Help! Did I kill my developing chick!?

by Cari
(Ohio)

I am attempting to hatch eggs in the incubator for the first time. I know this is not a good time of year to order eggs through the mail, but I wanted to try anyways, so I ordered some from Florida which had to ship across the country to Ohio in 90 degree temps.

The eggs arrived pretty dirty, but I read they shouldn't be washed, so I put the eggs in the incubator, candled on day 5, and 2 looked black inside so I opened them and they were rotten.

Candled on day 11 and 2 eggs were weeping and smelled awful. Performed eggtopsies and there was only what resembled a black prune inside each egg - what I presume was a decomposed embryo.

Candled on day 13, one egg had a little crusted yellow residue on the bottom, which smelled rotten and I assumed had been weeping which meant it was bad.

I didn't realize the batteries in my flashlight were dying since I had been looking at brown and blue eggs which are very hard to see inside anyways.

So when I candled this particular egg with the yellow crusty residue I only could see a saddle shaped air cell, no veining or anything else. So I assumed it was bad and cracked it open to find a beautiful chick with vibrant yolk and red veining. It looked like a perfectly viable chick to me and did not smell at all. So I am afraid I killed a perfectly healthy chick!

The more I think about it, i am wondering if I accidentally placed the egg in the same spot in the turner where I had removed a bad weeping egg the prior time I candled, so maybe the residue was from the other bad egg? I feel horrible. :( So my questions for you...

1. Could an egg weep, have some crusty residue on the outside but the chick still be healthy and survive and hatch?

2. At day 13 should the chick have been moving when I cracked it open?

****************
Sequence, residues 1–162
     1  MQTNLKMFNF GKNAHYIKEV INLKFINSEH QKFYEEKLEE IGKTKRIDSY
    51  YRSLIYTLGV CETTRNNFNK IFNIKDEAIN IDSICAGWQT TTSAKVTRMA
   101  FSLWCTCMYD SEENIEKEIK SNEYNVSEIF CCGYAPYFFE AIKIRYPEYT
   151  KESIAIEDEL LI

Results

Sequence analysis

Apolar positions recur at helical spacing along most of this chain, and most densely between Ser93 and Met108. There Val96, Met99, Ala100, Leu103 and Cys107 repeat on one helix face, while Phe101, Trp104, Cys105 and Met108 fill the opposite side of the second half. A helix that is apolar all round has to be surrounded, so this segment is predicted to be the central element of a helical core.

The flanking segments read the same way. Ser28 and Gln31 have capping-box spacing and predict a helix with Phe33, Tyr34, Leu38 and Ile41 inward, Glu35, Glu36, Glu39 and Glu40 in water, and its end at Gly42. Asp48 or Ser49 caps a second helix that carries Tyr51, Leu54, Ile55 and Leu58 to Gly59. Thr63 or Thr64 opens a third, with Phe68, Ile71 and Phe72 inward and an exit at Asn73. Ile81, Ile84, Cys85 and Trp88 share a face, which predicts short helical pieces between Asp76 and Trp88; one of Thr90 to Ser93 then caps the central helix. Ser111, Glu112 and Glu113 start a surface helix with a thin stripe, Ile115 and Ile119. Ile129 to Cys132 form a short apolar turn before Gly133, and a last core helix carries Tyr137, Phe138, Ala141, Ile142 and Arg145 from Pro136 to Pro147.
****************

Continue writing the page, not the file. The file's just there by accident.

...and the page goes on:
3. How long would it live upon opening the egg? Is it instant death?

4. Could it have already been dead and still have such a vibrant intact circulatory system? It seems like it wouldn't still look so perfect if it was already dead.

Thank you for your help!

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Bacteria in incubated eggs.
by: Cath

Hi Cari,

You're right that it's not an ideal time to hatch in the summer, and in such high temperatures, but it's not unheard of so don't beat yourself up about that.

It obviously depends a lot on how the eggs were packaged and sent as to whether they'd survive or not. It sounds to me like your eggs were not protected well enough from the heat.

Eggs sent by post are also notoriously difficult to hatch, because they tend to get bumped and jolted by the postal system, so air cells become detached and quite often the egg does not develop, or develops but dies early. That's what's happened to at least one of your eggs - the saddle shape is a detached air cell.

Dirty eggs are also a real problem. So many people who are not registered as providers send eggs that are dirty and sometimes have been sitting round the coop for days. Not ideal.

I do, actually, wash any eggs I am going to hatch - very gently - if they're a little dirty, or else if they're really dirty I discard them altogether. Once a dirty egg goes into the incubator the danger is the bacteria increase in the warm, humid conditions and as the eggs become more porous during incubation, they take on the bacteria, become infected and die.

The eggs that were clearly bad fell into this category, I'm afraid.

There's an article here about how to choose hatching eggs. It's difficult if you're doing it by post but the reputable hatcheries or breeders would never send dirty eggs.

To answer your specific questions:

1. If an egg has even a tiny crack and started to weep, it is unlikely to be a successful hatch. It's possible to patch over the crack with (for example) candle wax, but it's unusual for it to work.

If there is already a problem with bacteria in the incubator, it won't happen. The crack is an ideal place for bacteria to enter.

2. A chick at Day 13 does have a heartbeat, which is what makes it look like it's moving when you candle. But it's not yet viable as a living chick so no, it would not have been moving.

3. If an egg is opened at any point during incubation, the chick will die straight away.

4. It may be that the chick was already dead - if there was a crack and weeping, almost certainly so. It would take a little more time for the embryo to start decomposing, which is what gives the bad smell.

So my advice here would be to clean your incubator really thoroughly before you hatch again, and get eggs from a reputable supplier - if you can, someone near to where you live to you can collect in person and see the flock in their surroundings.

Oh and - think about joining my hatching club which opens in the Spring!

I hope that's helpful.

Cath.

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